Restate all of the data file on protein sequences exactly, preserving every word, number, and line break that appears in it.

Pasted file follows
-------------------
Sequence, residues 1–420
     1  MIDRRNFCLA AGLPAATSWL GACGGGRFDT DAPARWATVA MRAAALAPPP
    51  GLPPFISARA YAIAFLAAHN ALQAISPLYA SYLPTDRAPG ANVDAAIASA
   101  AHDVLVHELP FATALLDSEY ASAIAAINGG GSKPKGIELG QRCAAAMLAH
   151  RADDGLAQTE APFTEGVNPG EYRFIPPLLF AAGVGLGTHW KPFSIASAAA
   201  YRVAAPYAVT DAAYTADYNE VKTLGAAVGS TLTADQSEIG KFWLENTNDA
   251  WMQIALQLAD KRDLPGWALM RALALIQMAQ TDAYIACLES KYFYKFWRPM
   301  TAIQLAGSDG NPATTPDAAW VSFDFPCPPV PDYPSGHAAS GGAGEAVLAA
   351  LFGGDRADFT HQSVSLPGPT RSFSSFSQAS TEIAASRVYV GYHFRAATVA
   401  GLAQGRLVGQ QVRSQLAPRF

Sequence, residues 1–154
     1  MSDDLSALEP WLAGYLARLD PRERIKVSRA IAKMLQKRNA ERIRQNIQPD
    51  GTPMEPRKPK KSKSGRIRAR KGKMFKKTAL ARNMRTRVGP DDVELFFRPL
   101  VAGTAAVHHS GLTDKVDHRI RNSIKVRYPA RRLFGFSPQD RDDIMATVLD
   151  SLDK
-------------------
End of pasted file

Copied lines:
Sequence, residues 1–420
     1  MIDRRNFCLA AGLPAATSWL GACGGGRFDT DAPARWATVA MRAAALAPPP
    51  GLPPFISARA YAIAFLAAHN ALQAISPLYA SYLPTDRAPG ANVDAAIASA
   101  AHDVLVHELP FATALLDSEY ASAIAAINGG GSKPKGIELG QRCAAAMLAH
   151  RADDGLAQTE APFTEGVNPG EYRFIPPLLF AAGVGLGTHW KPFSIASAAA
   201  YRVAAPYAVT DAAYTADYNE VKTLGAAVGS TLTADQSEIG KFWLENTNDA
   251  WMQIALQLAD KRDLPGWALM RALALIQMAQ TDAYIACLES KYFYKFWRPM
   301  TAIQLAGSDG NPATTPDAAW VSFDFPCPPV PDYPSGHAAS GGAGEAVLAA
   351  LFGGDRADFT HQSVSLPGPT RSFSSFSQAS TEIAASRVYV GYHFRAATVA
   401  GLAQGRLVGQ QVRSQLAPRF

Sequence, residues 1–154
     1  MSDDLSALEP WLAGYLARLD PRERIKVSRA IAKMLQKRNA ERIRQNIQPD
    51  GTPMEPRKPK KSKSGRIRAR KGKMFKKTAL ARNMRTRVGP DDVELFFRPL
   101  VAGTAAVHHS GLTDKVDHRI RNSIKVRYPA RRLFGFSPQD RDDIMATVLD
   151  SLDK